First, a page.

Papua New Guinea

Country statistics

Papua New Guinea

Land area: 174,849 sq miles (452,860 sq km)

total area: 178,704 sq miles (462,840 sq km)

Population (2011 est.): 6,310,129 (growth rate: 1.94%); birth rate: 25.92/1000; infant mortality rate: 42.05/1000; life expectancy: 66.46

Capital City: Port Moresby

Monetary unit: Kina

Languages: Tok Pisin (Melanesian Pidgin, the lingua franca), Hiri Motu (in Papua region), English 1-2%; 715 indigenous languages

Ethnicity/race: Melanesian, Papuan, Negrito, Micronesian, Polynesian

Religions: Roman Catholic 22%, Lutheran 16%, Presbyterian/Methodist/London Missionary Society 8%, Anglican 5%, Evangelical Alliance 4%, Seventh-Day Adventist 1%, other Protestant 10%, indigenous beliefs 34%

Country introduction

Sunrise in Papua New Guinea

Papua New Guinea is located north of Australia and in the South-west Pacific Ocean on the eastern half of the rugged tropical island of New Guinea (which it shares with Indonesia, in the territory of Irian Jaya) as well as numerous smaller islands and atolls in the Pacific.

The central part of the island rises into a wide ridge of mountains known as the Highlands, a territory that is so densely forested and topographically forbidding that the island's local peoples remained isolated from each other for millennia. The coastline is liberally endowed with spectacular coral reefs, giving the country an international reputation for scuba diving.

The smaller island groups of Papua New Guinea include the Bismarck Archipelago, New Britain, New Ireland and the North Solomons. Some of these islands are volcanic, with dramatic mountain ranges, and all are relatively undeveloped.

The culture

Scenery of Tufi in the Oro Province

It is estimated that more than a thousand different cultural groups exist in Papua New Guinea. Because of this diversity, many different styles of cultural expression have emerged; each group has created its own expressive forms in art, dance, weaponry, costumes, singing, music, architecture and more.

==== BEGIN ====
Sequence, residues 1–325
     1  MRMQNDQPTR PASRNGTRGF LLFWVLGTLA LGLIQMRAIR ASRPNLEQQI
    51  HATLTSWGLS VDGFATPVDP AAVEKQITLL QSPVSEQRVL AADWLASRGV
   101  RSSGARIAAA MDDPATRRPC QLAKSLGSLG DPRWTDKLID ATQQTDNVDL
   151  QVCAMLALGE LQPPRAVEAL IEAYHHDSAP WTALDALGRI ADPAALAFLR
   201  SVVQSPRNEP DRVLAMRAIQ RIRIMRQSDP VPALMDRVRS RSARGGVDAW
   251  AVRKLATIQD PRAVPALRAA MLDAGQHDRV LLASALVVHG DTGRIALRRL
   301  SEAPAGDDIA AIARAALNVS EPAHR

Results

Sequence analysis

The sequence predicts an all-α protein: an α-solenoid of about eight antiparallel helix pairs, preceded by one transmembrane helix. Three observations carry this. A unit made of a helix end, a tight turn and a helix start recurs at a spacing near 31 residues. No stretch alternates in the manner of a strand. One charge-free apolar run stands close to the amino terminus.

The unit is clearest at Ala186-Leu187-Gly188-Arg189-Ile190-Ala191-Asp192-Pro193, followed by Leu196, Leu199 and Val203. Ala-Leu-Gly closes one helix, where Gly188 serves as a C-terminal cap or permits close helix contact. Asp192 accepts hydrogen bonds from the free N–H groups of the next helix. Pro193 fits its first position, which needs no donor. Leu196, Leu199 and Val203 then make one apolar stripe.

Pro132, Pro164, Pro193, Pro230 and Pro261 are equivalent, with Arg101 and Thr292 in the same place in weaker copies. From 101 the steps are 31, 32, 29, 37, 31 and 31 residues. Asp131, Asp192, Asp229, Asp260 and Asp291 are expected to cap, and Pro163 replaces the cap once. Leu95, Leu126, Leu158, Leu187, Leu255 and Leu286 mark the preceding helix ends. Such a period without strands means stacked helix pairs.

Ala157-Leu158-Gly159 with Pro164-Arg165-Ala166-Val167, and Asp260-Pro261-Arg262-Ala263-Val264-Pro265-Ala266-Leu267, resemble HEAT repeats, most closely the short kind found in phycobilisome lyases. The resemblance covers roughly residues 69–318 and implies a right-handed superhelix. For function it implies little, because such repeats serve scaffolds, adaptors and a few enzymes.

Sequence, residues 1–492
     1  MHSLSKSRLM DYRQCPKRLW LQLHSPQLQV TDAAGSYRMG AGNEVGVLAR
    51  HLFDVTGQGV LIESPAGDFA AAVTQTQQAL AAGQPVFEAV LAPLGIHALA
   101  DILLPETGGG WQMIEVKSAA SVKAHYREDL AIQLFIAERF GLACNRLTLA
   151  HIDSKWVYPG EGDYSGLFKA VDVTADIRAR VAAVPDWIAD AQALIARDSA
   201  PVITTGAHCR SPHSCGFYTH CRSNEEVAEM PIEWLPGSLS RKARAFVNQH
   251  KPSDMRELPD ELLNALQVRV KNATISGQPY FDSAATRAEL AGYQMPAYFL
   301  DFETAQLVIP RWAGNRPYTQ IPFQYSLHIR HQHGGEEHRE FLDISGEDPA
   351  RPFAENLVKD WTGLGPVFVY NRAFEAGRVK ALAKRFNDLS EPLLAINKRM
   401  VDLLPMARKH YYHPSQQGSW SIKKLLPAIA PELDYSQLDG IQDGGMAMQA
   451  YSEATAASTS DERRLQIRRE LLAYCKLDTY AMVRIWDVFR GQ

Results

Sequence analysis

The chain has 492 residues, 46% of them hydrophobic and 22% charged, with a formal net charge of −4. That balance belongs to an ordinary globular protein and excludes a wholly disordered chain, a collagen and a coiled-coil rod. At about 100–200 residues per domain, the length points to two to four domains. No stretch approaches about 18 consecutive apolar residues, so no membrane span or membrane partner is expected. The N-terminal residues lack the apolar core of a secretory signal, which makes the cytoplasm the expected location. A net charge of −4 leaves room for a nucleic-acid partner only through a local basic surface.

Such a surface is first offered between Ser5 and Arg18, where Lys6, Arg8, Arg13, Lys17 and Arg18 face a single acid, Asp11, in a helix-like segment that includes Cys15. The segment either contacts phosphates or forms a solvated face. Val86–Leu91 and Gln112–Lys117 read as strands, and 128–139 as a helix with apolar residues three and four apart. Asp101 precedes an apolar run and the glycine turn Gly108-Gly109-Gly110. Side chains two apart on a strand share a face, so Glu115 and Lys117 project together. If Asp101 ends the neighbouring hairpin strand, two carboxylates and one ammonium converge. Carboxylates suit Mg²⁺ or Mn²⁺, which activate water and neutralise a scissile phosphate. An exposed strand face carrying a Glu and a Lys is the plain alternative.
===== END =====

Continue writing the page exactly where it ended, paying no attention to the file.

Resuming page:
Most of these different cultural groups have their own language. People typically live in villages that rely on subsistence farming. To balance their diets, they go hunting and collect wild plants (such as yams roots) for food. Those who become skilled at hunting, farming and fishing earn a great deal of respect.

Sea shells are no longer the currency of Papua New Guinea, as they were abolished as currency in 1933. However, this heritage is still present in local customs; in some cultures, to get a bride, a groom must bring a certain number of golden-edged clam shells as a brideprice. In other regions, brideprice is paid in lengths of shell bead money, pigs, cassowaries and cash.

People of the highlands engage in colorful local rituals that are called "sing sings". They paint themselves, and dress up with feathers, pearls and animal skins to represent birds, trees or mountain spirits. Sometimes an important event, such as a legendary battle, is enacted at such a musical festival.

Attractions & landmarks

The Highlands

Papua New Guinea lies close to the equator and has Australia to its north. It is only one-ninth as big as Australia, yet it has just as many mammal species, and more kinds of birds and frogs. The area shelters above 600 islands and consists of an interesting mix of history and adventure that makes for a great vacation.

For a glimpse of the fascinating tribal cultures, the Highlands is the best place to visit as most of the mountains have traditional tribal village communities in the grassy valleys. The Central, Oro & Milne Bay Provinces are home to gorgeous reefs and historic wartime sites - including the country's foremost attraction, the Kokoda Track. Also part of these eastern provinces, the D'Entrecasteaux Islands are like the land that time forgot, mountainous, jungly and totally undeveloped. The gritty capital Port Moresby, on the other hand, is big and sprawling and consists of many attractions such as the Botanical Gardens, the Ela Beach Craft Market, Touaguba Hill and the Moitaka Wildlife Sanctuary.

Papua New Guinea is one of earth's megadiverse regions, and it owes much of its diversity to its topography. The mountainous terrain has spawned diversity in two ways: isolated mountain ranges are often home to unique fauna and flora found nowhere else, while within any one mountain range different species can be found even in the highest regions. In the lowlands are jungles whose trees are not that different from those of South-east Asia. Yet the animals are often startlingly different - cassowaries instead of tapirs, and marsupial cuscus instead of monkeys.

The country is neighbored by rivers such as Purari River and Fly River in the southern region and Ramu, Sepik and Markham in the northern part. Other natural attractions in this country include the mountainous range that segregates the New Guinea Highlands, Owen Stanley Range and Bismarck Range. Mount Wilhelm is the highest mountain peak in this region.